What We’re Reading: November 11, 2010 Edition

Veterans Day - National Museum of Natural HistoryToday is Veterans Day, so we start off today’s What We’re Reading post with numerous links to poems, memorials, lesson plans, and other resources about the men and women who’ve served in wars. Following that roundup we link to an article by Julian Zelizer on the recent midterm elections and the news that Google will be offering free WiFi on a number of flights this holiday season.  Then, read some viewpoints on new media, digital history, the Supreme Court, and politics. We also point to two sites on the Civil War’s 150 anniversary, a podcast series from the History of Medicine Division of the National Library of Medicine, an article on using stories to teach history, info about “Follow an Archive” day on Twitter, a speech prepared in case of a disaster with Apollo 11, an 1899 film of crossing the Brooklyn Bridge, and just for fun, take a look at some historic Thanksgiving recipes.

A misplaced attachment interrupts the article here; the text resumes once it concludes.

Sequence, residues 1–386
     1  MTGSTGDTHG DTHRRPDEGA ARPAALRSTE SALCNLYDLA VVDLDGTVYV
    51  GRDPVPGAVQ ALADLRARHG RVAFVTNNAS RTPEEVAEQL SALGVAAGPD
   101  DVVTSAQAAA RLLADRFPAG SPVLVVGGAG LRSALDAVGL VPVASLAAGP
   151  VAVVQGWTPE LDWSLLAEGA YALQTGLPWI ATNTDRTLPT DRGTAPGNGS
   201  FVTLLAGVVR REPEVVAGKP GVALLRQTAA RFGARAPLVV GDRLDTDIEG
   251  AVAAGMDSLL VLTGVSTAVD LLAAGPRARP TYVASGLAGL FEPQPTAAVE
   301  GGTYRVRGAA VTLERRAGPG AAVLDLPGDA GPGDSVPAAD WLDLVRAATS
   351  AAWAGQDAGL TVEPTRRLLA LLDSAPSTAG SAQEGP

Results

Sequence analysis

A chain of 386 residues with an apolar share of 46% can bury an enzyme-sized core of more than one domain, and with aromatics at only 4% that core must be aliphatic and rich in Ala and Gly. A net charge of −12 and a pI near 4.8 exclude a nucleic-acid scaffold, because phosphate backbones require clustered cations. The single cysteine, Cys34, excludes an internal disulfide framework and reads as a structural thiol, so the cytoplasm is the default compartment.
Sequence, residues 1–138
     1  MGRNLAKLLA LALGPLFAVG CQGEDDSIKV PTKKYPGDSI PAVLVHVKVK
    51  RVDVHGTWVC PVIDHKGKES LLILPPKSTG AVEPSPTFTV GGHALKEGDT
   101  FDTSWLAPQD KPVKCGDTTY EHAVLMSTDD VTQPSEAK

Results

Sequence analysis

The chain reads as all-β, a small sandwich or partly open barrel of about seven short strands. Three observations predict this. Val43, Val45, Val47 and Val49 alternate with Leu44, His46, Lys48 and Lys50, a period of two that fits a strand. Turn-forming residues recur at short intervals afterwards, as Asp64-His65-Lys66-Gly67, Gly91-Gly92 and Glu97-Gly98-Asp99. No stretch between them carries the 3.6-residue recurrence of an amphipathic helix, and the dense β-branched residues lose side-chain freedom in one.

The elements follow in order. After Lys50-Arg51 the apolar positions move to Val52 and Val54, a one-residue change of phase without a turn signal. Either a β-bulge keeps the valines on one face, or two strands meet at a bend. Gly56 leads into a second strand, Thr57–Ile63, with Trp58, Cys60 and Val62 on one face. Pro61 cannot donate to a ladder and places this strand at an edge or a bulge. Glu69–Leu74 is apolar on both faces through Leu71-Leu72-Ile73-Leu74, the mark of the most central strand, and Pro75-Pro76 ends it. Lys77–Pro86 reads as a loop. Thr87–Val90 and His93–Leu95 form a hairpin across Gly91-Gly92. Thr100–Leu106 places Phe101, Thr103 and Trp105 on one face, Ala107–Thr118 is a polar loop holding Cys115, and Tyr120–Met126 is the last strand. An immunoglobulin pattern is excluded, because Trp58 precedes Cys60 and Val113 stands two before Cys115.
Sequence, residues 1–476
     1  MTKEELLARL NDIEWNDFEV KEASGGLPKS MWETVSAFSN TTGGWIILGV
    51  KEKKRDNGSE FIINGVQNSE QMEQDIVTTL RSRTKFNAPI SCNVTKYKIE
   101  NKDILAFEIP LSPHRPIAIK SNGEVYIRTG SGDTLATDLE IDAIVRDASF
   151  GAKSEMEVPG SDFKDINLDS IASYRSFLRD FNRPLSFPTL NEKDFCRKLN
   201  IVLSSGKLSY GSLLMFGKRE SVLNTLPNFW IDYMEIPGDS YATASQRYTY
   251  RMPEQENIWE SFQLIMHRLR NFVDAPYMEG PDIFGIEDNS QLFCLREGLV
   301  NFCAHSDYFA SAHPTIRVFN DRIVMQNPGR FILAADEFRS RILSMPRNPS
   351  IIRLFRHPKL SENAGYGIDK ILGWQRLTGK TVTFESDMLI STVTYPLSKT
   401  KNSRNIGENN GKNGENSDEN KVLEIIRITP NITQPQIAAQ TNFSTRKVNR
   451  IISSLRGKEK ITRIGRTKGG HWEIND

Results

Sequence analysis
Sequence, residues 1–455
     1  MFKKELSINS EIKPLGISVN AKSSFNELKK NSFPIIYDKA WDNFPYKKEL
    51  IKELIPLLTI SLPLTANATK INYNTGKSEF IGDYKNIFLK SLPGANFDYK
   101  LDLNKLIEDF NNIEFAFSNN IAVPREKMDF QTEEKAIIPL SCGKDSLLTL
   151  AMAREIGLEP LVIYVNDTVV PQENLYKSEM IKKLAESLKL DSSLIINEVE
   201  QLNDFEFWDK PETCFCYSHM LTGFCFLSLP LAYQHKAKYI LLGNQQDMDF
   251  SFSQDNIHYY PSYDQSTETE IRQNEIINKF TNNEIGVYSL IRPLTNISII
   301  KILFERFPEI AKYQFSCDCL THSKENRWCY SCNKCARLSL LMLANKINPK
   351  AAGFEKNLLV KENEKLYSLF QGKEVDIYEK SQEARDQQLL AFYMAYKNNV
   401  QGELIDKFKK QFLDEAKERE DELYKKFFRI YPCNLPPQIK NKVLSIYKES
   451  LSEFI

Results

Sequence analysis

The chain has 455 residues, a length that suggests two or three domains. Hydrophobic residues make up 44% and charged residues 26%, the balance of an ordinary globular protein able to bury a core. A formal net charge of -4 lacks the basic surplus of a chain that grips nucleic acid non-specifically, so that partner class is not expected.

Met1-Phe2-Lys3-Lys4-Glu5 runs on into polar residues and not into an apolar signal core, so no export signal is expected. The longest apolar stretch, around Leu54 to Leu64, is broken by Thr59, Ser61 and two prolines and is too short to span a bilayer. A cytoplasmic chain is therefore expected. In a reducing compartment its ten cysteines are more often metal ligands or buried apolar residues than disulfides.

Veterans Day

News

  • Why Midterms Matter
    Julian Zelizer, professor of history and public affairs at Princeton University, discusses the historical significance of the November 2, 2010, U.S. election in this article that will be printed in the December 2010 issue of Perspectives on History.
  • Happy holidays from Google Chrome: free holiday Wi-Fi at 30,000 feet
    If you’re flying on AirTran, Delta, or Virgin America around the holidays and want to keep up with student e-mails, research online for an upcoming paper, or just catch episodes of Glee on Hulu, and you don’t want to pay, you’re in luck.  Google is providing free wireless on flights from these airlines from November 20, 2010 through January 2, 2011.

Insights

Civil War

More

Fun

  • Menus: A Few Ideas for Your Thanksgiving Table
    The Four Pounds Flour blog notes that Thanksgiving dinners in the 18th and early 19th century featured an assortment of meats as well as other dishes. Check out one recipe from 1877.

Contributors: David Darlington, Elisabeth Grant, Chris Hale, Vernon Horn, and Robert B. Townsend

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